In re El Paso Corp. S'holder Litig., C.A. No. 6949-CS (Del. Ch. Feb. 29, 2012) (Strine, C.)

In this memorandum opinion, the Court of Chancery denied the stockholder plaintiffs’ motion to enjoin a merger (the “Merger”) between El Paso Corporation (“El Paso”) and Kinder Morgan, Inc. (“Kinder Morgan”).  In analyzing the requirements for securing preliminary injunctive relief, the Court found that plaintiffs had demonstrated on the truncated record a probability of success on the merits and a likelihood of irreparable injury if the Merger were not enjoined.  In balancing the equities, however, the Court determined that the El Paso stockholders were well positioned to accept or reject the Merger – the only offer on the table – and declined to intervene and potentially deprive the El Paso stockholders of that opportunity. 

On May 24, 2011, El Paso announced publicly that it would spin off its exploration and production (“E&P”) business.  Three months later, and before the spin-off was effected, Kinder Morgan approached El Paso and offered to acquire the entire company for $25.50 per share in cash and stock.  Kinder Morgan’s overture began a process that ultimately led to Kinder Morgan and El Paso entering into a merger agreement on October 16, 2011.  The combined cash and stock merger consideration at the time of signing was valued at $26.87 per share, $1.37 more than Kinder Morgan’s initial offer but $0.68 less than a September 18, 2011 agreement in principle between El Paso’s CEO Doug Foshee and Kinder Morgan’s CEO and controlling stockholder Rich Kinder.  The Court recognized that the Kinder Morgan deal would provide the El Paso stockholders with a substantial premium to El Paso’s unaffected market price.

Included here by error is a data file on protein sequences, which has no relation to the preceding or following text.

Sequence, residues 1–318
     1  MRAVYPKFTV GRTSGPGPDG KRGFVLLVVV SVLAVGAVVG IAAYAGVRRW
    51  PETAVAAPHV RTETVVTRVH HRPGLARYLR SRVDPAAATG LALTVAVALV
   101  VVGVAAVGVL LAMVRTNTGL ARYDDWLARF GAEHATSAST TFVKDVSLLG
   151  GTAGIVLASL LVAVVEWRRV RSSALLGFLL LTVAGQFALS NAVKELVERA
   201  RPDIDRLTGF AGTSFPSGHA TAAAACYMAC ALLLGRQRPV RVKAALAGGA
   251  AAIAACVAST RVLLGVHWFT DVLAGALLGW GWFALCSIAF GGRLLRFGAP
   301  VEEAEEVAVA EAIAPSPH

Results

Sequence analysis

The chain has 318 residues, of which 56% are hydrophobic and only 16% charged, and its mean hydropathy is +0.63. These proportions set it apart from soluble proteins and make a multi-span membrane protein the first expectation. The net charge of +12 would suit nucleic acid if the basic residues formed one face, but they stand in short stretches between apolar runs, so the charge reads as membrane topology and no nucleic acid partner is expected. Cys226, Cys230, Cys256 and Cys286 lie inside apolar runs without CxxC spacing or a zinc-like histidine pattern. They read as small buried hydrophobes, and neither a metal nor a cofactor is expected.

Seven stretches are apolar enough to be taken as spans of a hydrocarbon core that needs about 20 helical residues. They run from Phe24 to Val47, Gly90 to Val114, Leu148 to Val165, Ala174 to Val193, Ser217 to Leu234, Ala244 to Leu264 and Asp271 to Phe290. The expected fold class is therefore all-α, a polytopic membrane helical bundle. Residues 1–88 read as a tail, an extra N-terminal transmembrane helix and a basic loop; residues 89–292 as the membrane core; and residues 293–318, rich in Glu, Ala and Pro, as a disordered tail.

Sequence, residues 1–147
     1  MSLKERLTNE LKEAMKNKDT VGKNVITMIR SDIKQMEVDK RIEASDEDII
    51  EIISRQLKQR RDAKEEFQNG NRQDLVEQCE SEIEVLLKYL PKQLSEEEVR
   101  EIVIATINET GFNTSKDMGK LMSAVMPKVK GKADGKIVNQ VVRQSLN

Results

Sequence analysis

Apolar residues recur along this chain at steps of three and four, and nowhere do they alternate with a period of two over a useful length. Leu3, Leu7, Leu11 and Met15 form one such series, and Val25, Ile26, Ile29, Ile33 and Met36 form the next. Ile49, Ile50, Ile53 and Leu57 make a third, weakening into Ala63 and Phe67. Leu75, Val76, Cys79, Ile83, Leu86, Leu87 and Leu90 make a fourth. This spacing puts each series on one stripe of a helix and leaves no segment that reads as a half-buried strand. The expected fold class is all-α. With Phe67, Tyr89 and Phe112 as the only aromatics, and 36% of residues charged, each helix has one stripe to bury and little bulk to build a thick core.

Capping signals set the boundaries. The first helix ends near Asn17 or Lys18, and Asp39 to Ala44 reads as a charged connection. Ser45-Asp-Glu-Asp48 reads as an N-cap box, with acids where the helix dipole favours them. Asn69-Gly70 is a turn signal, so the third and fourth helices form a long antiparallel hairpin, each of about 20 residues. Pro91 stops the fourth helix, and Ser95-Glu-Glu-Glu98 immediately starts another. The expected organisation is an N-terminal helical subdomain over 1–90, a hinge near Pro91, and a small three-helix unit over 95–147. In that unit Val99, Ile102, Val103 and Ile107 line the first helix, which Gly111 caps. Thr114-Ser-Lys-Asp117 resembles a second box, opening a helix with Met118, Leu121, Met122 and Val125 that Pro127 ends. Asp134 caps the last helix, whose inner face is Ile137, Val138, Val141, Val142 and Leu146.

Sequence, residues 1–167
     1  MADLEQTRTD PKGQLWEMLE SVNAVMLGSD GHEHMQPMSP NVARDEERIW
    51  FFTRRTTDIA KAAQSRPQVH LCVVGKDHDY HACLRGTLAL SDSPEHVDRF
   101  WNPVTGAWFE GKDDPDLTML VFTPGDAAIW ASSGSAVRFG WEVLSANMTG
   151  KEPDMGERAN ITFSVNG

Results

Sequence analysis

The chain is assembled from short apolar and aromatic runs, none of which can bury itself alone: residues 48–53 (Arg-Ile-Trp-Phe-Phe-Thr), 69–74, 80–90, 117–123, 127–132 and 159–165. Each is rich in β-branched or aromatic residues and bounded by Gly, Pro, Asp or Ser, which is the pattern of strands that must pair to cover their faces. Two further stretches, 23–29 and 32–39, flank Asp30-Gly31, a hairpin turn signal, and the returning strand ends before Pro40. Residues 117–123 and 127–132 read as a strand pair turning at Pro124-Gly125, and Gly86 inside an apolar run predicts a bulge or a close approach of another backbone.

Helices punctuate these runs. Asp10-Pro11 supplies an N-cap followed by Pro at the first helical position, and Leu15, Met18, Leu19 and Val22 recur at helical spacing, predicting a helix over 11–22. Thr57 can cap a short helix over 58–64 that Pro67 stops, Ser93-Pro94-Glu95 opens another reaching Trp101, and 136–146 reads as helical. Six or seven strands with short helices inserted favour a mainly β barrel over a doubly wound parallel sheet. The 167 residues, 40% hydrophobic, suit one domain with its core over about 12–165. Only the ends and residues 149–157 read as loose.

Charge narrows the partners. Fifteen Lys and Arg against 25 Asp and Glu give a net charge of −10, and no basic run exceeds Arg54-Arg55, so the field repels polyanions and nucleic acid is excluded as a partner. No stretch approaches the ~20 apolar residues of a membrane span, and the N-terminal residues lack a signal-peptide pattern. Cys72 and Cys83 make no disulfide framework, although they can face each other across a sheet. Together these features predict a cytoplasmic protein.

In analyzing the probability of success of plaintiffs’ loyalty claims, the Court found – based on the preliminary record – that certain aspects of the process leading to the premium deal prompted concern.  The Court focused on the conduct of Mr. Foshee and El Paso’s financial advisors Goldman Sachs and Morgan Stanley.  The Court observed that El Paso’s independent board of directors (the “Board”) had placed considerable reliance on the company’s CEO, Mr. Foshee in connection with the price negotiations with the buyer, Kinder Morgan.  It further noted that Kinder Morgan intended to sell El Paso’s E&P business in order to finance its overall purchase of El Paso.  During the negotiation process, Mr. Foshee spoke with the head of El Paso’s E&P business about the possibility of formulating a management bid to acquire the asset.  The preliminary record did not make clear when Mr. Foshee first considered a management bid for the E&P assets, but gave rise to an inference that Mr. Foshee was considering this opportunity with El Paso management during the time that he was involved in negotiations over the Merger terms with Mr. Kinder.  Mr. Foshee did not disclose to the Board that he was considering a management proposal to acquire the E&P business.  After the Merger terms were agreed upon and the Merger Agreement signed, Mr. Foshee approached Mr. Kinder about the possibility of the submission of a bid by El Paso management for the E&P assets.  The Court held on a preliminary record that that plaintiffs probably could ultimately prove that the potential management buyout of the E&P business created a conflict for Mr. Foshee because of its potential for undermining his  incentive to negotiate aggressively in the hope that Kinder Morgan would be more receptive to his management buyout proposal as a result.